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Filing Personal Receipts

What do you do with all your receipts, monthly bills, and bank statements? Do they end up strewn from here to breakfast until you realize that you need to return something you’ve bought? That was how things worked at our house until I started managing the family finances more actively. Now, we have a process, a method, a system.

After my wife reconciles the checkbook register (things would be crazy if we were both writing checks all the time from the same joint account), she puts her receipts, the monthly bills, and the bank or credit card statements into a folder on our computer desk. I “work my magic” (I’ll insert a link to that post with more detail once it’s done) and then need to file all the paperwork.

The most appropriate action for each piece of paper depends how it might need to be used:

  • Receipts:
    • Grocery/Dining Out – Chances are pretty slim that I’ll need to ever reference one of these again, so they all get paperclipped together and put into a hanging folder with the gasoline receipts.
    • Gasoline – Like the above, I’ll probably never need to look at these again, so these also get paperclipped together and put in the hanging folder with the grocery receipts.
    • Small Receipts for Everything Else – These receipts include electronics purchases and other products that might need to be returned, exchanged, or referenced. I’ve found that it works well to file them alphabetically in a small accordion file by the name of the store.
    • Large Receipts for Everything Else – These will need to be pretty easily available but they don’t fit into the small accordion file. You could paper clip them together by month (or alphabetically by store) and place them in a single hanging file folder for all the large receipts. I generally just put them in the hanging folder with no specific organization, though that does lengthen and complicate the process of finding a receipt, when necessary.
    • Receipts for Reimbursement – It might make sense to have these in their own hanging file folder.
  • Monthly Bills and Bank Statements – This group is probably the most frequently referenced so careful organization is key. I like to put all the monthly paperwork in a single hanging file, paperclipping like bills/statements together. So within that hanging folder I have a little bundle of paycheck stubs, another of mortgage payment stubs, another of bank statements, etc.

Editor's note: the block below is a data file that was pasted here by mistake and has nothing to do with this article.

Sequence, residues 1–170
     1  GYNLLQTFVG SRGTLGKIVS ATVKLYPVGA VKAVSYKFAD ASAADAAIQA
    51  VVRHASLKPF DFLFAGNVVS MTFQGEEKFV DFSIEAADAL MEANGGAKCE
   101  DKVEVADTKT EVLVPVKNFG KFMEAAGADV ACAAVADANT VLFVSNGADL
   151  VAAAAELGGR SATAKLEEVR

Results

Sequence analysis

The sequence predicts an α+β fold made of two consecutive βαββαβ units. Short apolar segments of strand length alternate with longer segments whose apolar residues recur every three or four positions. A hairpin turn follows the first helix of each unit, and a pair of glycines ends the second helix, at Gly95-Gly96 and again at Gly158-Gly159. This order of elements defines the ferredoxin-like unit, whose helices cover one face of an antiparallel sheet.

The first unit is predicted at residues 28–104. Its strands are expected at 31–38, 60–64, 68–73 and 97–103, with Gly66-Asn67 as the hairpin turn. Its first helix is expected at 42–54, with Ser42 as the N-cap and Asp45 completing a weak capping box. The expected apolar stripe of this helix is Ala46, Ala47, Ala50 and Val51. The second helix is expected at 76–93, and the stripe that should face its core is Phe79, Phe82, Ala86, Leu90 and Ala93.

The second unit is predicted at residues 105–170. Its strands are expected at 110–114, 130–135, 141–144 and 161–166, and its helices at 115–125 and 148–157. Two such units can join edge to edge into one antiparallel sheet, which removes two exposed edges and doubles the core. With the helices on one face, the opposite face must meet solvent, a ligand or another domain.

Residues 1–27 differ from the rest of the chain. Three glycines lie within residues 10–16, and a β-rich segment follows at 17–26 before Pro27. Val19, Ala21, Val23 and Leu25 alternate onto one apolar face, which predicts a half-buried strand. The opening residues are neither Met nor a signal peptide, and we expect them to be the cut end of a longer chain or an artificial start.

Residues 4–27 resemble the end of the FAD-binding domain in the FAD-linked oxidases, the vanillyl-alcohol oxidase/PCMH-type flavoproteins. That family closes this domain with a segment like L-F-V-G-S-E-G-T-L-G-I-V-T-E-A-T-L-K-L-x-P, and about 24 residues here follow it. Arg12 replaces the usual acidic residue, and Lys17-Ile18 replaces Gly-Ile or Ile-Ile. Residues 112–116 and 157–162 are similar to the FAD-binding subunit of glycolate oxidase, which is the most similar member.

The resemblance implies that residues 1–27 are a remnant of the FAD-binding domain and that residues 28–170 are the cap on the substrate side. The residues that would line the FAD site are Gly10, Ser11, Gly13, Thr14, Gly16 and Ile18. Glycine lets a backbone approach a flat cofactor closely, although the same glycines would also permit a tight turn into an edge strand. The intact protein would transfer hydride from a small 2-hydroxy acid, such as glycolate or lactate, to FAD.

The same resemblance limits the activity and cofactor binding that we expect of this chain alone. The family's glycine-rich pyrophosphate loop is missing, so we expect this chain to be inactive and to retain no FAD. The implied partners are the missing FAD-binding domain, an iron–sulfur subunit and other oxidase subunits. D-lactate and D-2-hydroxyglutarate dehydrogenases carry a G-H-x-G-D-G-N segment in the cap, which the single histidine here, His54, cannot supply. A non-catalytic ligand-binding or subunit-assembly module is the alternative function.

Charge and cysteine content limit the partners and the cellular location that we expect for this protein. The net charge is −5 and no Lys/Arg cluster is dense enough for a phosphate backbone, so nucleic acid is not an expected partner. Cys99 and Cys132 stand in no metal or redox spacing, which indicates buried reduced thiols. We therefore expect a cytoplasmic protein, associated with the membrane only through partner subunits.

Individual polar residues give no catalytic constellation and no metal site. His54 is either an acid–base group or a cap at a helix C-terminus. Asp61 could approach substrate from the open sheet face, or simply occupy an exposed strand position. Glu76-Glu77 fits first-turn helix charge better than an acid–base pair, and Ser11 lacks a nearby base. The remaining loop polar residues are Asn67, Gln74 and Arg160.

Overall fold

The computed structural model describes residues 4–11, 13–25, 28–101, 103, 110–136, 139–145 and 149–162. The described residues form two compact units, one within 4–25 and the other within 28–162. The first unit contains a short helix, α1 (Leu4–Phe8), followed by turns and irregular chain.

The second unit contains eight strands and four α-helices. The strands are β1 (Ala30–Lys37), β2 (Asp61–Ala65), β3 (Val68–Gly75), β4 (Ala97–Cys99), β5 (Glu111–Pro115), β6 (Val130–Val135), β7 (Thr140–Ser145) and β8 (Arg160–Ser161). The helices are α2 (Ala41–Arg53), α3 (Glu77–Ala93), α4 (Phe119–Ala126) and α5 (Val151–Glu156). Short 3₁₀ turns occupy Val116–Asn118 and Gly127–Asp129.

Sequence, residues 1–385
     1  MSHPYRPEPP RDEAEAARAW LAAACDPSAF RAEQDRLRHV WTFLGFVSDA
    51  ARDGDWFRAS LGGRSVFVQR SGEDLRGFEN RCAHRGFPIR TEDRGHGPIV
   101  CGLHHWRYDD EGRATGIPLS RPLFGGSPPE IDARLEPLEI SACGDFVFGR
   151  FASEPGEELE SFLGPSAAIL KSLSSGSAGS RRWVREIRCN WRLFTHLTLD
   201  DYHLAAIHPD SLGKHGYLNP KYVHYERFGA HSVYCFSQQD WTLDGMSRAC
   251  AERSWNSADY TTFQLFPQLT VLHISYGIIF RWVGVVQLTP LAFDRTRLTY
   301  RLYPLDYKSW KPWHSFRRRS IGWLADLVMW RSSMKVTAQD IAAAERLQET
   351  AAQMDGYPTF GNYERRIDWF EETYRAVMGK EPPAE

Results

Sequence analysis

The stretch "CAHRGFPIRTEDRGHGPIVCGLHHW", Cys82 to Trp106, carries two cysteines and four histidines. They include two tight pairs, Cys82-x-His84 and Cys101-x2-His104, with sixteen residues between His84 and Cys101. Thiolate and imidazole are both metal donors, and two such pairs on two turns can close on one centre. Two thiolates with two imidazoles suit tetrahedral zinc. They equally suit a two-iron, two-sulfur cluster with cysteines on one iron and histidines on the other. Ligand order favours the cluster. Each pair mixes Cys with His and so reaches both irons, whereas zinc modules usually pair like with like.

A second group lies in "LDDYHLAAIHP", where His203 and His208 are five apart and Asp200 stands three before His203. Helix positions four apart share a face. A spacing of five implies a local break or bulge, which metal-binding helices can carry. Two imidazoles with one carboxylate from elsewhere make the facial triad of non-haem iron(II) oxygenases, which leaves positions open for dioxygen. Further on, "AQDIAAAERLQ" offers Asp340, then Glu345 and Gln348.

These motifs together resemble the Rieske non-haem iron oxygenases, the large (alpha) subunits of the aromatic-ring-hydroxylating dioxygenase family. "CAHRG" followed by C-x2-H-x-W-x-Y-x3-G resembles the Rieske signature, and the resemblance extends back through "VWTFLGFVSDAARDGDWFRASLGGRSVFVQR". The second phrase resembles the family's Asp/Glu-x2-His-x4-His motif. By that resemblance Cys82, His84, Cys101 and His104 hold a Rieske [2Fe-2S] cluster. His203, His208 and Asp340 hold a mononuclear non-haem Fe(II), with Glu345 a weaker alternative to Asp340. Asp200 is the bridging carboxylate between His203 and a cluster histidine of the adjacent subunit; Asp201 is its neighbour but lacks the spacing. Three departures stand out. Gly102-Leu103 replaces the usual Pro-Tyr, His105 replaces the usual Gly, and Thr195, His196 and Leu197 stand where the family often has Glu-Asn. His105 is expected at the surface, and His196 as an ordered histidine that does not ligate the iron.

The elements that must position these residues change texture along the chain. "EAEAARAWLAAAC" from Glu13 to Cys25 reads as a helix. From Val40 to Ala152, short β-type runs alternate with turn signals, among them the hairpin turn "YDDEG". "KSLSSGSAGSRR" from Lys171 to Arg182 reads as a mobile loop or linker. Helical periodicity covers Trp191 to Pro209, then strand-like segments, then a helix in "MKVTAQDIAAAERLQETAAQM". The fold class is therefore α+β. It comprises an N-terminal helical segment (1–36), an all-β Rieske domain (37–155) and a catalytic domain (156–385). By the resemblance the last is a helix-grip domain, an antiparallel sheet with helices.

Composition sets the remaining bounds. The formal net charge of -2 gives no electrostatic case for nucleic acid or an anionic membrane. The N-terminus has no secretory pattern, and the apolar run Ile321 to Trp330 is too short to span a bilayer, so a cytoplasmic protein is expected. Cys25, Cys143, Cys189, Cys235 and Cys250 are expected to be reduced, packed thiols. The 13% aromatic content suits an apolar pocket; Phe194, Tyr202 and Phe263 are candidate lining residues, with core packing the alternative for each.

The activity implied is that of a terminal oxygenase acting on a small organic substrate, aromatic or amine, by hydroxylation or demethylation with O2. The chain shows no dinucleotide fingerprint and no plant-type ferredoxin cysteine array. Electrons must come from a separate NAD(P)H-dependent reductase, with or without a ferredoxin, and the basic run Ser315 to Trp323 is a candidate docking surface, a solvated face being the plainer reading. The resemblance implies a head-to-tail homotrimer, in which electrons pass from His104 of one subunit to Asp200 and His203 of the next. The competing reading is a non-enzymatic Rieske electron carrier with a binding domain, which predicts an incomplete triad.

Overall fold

The volume of paperwork is such that I find it necessary to collect the above for only 12 months at a time. Each year we buy a new accordion file and start a new hanging folder for each type of receipt or statement. We also enjoy keeping all our tax-related papers (including a copy of our finished returns) in one place for easy reference.

If I remember correctly, the recommendation is to retain financial-related paperwork for a period of seven years. Once you have receipts/etc. that is older than that, be sure to dispose of it properly using a cross-cut shredder. Don’t even think about throwing it straight into the trash!

My method of filing may not work for you, but describing it might give you a chance to re-think your way of doing things. Is there not room for improvement in virtually every aspect of our lives?

8 comments to Filing Personal Receipts

  • [...] Review my receipts categorizing individual transactions and marking them as “accepted.” – MS Money has a screen for each account that shows all the transactions for that account, and transactions that aren’t accepted yet show up bolded. Fortunately you can specify a date range so you’re not looking at everything since the beginning of time. We collect our receipts/statements/paid bills/etc. in a folder marked “not posted” until I’m able to review each one. I take the receipt out of the folder, confirm that the dollar amounts match, and file the receipts in the way I talk about in Filing Personal Receipts. [...]

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